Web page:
Although protests aren't typically upheld -- it has happened twice since 1986 -- Maddon believes the rules in place give his team a chance to get the game replayed from the fourth inning, which is when the incident in question occurred.
"Any time you get with Joe, it's always fair and you will be listened to," Maddon said. "You can't ask for anything more than that. I'm looking forward to seeing what he has to say."
The protest came as a result of a replay challenge during the fourth inning of Saturday's game. The Blue Jays challenged a call on a pickoff play at first base, but Maddon contends the next "play" had occurred -- making it too late for a challenge -- because the pitcher had toed the rubber and the next batter had entered the batter's box.
There is, however, some nuance to the rule, Maddon said. What he was likely referring to is language found later in the same section (II.D), which states: "The Crew Chief shall have the final authority to determine whether a Manager's Challenge is timely. The judgment of the Crew Chief regarding the timeliness of a Manager's Challenge shall be final and binding on both Clubs, and shall not be reviewable by Replay Review or otherwise."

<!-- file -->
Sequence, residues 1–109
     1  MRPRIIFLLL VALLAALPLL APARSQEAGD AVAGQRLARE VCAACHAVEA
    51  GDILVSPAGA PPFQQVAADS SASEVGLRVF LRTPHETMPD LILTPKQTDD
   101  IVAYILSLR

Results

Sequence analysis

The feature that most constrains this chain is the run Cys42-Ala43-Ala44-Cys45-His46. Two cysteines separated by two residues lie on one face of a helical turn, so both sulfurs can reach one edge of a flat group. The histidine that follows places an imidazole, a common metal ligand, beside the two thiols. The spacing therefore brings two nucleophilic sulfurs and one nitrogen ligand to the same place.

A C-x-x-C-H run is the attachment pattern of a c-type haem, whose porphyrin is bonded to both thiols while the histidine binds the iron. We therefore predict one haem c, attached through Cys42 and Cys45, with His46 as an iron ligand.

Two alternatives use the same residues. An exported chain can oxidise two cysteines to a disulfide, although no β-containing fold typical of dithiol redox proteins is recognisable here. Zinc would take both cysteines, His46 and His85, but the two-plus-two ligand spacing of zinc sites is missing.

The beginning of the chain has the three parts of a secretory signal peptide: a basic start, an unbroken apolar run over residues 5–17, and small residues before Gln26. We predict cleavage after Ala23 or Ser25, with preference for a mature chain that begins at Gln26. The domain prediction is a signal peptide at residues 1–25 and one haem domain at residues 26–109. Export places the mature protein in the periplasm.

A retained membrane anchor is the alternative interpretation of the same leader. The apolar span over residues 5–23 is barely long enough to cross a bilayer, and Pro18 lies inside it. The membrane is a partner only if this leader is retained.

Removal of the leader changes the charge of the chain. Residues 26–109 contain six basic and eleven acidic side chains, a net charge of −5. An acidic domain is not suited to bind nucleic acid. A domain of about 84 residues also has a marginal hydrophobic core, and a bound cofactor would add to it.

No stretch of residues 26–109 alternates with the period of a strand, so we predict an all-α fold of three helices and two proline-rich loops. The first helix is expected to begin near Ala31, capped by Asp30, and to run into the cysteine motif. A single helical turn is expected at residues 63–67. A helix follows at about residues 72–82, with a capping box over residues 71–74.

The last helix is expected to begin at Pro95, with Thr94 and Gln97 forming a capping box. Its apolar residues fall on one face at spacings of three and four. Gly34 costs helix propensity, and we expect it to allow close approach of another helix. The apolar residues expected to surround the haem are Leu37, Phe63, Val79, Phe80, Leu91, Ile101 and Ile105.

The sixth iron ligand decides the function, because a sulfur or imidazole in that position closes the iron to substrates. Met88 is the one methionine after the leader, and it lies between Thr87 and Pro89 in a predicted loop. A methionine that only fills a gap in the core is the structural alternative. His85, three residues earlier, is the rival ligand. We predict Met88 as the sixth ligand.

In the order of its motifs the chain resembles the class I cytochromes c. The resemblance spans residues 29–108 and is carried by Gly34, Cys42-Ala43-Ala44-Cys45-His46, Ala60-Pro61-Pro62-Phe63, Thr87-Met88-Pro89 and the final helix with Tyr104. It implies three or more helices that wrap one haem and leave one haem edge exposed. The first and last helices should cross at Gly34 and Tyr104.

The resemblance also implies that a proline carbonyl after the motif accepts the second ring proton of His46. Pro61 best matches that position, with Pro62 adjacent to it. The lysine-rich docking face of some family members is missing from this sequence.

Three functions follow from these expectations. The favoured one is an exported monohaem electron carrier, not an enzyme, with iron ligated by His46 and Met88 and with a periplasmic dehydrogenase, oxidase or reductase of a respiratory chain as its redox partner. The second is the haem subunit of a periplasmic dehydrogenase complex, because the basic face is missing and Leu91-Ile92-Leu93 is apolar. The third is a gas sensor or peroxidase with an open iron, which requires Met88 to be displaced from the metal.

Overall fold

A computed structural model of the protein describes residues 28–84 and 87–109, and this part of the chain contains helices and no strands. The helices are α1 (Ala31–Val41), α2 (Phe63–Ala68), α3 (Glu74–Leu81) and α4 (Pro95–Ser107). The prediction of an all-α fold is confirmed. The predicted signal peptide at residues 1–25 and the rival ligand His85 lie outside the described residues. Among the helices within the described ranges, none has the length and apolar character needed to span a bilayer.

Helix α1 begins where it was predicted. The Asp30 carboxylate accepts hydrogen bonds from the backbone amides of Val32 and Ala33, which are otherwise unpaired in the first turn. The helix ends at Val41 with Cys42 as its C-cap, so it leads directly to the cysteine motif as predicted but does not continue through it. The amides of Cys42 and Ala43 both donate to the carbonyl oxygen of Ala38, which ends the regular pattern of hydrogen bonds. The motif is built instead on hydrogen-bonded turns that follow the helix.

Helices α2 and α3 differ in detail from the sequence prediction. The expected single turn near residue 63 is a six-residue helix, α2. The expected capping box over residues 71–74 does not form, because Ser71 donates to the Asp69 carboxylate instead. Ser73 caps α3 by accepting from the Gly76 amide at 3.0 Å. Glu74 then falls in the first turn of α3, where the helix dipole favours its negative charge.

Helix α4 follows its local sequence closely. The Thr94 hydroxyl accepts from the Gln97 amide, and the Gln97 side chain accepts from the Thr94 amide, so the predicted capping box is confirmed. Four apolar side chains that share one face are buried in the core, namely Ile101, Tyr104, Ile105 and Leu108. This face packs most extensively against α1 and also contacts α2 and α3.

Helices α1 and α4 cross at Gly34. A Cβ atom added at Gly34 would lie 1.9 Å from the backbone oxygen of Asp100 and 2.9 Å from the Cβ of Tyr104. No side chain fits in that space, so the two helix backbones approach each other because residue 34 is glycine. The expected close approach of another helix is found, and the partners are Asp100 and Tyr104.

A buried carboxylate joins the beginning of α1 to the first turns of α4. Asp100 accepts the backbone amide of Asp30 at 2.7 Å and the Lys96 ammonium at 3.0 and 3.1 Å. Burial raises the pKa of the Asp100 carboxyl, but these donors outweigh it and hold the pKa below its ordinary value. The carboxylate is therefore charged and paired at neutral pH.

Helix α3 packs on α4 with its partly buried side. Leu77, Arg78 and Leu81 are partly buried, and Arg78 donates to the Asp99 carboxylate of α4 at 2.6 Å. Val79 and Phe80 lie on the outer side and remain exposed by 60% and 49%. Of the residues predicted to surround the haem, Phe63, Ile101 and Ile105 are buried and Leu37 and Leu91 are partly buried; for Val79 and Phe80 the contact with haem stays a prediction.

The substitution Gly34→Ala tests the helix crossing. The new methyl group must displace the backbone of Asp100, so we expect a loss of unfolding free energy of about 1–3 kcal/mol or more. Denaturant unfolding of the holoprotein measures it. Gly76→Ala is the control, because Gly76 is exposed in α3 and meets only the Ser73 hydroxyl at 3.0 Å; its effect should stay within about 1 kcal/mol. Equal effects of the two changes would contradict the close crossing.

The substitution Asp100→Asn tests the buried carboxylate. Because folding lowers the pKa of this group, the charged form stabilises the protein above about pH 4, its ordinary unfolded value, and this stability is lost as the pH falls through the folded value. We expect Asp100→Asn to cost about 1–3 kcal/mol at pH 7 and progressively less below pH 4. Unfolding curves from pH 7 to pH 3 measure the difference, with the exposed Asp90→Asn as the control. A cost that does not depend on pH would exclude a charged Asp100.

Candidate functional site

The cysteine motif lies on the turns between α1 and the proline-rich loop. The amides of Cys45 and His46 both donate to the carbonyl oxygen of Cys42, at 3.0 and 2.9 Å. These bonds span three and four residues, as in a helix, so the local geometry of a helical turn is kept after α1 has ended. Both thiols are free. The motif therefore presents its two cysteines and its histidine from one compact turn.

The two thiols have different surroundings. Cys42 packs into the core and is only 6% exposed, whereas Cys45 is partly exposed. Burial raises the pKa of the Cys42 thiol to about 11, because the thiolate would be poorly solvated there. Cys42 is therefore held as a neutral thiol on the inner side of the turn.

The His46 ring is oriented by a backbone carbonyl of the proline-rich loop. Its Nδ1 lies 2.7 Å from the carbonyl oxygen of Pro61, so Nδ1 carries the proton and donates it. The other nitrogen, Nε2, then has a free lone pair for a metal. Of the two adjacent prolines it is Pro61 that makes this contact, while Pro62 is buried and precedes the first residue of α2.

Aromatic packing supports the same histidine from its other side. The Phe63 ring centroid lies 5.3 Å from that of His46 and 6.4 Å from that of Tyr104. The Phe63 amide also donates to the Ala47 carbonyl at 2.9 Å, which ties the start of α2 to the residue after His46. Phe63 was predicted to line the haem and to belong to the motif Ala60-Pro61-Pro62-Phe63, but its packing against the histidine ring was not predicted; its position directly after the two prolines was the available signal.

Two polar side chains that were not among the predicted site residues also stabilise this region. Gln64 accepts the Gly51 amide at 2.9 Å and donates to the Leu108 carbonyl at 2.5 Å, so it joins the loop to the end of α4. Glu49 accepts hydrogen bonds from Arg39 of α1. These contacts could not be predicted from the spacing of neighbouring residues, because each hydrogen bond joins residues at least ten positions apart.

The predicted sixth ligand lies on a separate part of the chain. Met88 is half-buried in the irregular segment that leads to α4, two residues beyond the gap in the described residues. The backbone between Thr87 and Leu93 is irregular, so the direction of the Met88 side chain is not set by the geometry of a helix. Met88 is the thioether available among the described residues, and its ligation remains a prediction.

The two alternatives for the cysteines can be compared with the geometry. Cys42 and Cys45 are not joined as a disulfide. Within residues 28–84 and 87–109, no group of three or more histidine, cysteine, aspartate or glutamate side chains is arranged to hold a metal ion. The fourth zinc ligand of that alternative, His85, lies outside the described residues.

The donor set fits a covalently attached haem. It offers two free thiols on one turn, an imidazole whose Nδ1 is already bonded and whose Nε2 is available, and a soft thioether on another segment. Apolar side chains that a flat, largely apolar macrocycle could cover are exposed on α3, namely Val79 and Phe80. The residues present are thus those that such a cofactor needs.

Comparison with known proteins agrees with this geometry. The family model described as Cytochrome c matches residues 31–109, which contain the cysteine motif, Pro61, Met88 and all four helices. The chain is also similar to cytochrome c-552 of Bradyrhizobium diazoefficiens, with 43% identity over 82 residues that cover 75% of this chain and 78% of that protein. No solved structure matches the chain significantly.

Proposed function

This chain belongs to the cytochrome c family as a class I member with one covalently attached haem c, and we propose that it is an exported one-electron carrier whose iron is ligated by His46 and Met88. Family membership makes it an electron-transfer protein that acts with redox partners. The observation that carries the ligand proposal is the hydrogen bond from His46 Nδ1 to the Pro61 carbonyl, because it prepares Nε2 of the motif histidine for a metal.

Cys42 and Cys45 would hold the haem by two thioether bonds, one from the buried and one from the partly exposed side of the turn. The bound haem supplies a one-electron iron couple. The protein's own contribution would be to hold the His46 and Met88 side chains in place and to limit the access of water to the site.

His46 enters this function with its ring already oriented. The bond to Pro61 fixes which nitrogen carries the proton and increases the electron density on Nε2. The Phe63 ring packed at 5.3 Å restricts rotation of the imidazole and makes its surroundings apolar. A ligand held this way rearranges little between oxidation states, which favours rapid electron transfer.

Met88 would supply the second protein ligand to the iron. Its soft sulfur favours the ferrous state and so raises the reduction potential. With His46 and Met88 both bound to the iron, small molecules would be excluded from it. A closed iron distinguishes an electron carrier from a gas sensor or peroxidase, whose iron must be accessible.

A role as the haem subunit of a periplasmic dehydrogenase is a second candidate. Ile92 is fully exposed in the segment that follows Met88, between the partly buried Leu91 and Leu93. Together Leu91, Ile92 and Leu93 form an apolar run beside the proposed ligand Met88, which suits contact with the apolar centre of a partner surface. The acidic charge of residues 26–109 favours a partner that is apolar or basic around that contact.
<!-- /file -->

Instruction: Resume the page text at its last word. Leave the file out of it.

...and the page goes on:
Maddon was told Saturday by crew chief Bob Davidson that the play could not be protested because it had to do with replay. In Maddon's opinion, however, the protest has nothing to do with replay -- that's not what he protested -- and everything to do with getting to replay. Torre confirmed that is a situation where a protest is valid.
"It's two separate issues," Maddon explained. "The one part that there is no nuance, whatsoever, almost like the heart and soul or crux of the system, is pitcher on the rubber, batter in the box precludes anything else from happening. You can't do anything else at that moment, that was the locking mechanism.
"That was emphatically described to us as being the locking mechanism in all the meetings. So it should be everything after that should not have occurred. … It's tantamount to inadmissible evidence. It's no different than in a courtroom situation when information is gotten illegally or inappropriately that you can't utilize it. Otherwise, let's take the rule out and put it in the garbage can."
Davidson believes that Blue Jays manager John Gibbons challenged just in time, but it will ultimately be Torre who has the final say.
Chris Toman is a contributor to MLB.com. This story was not subject to the approval of Major League Baseball or its clubs.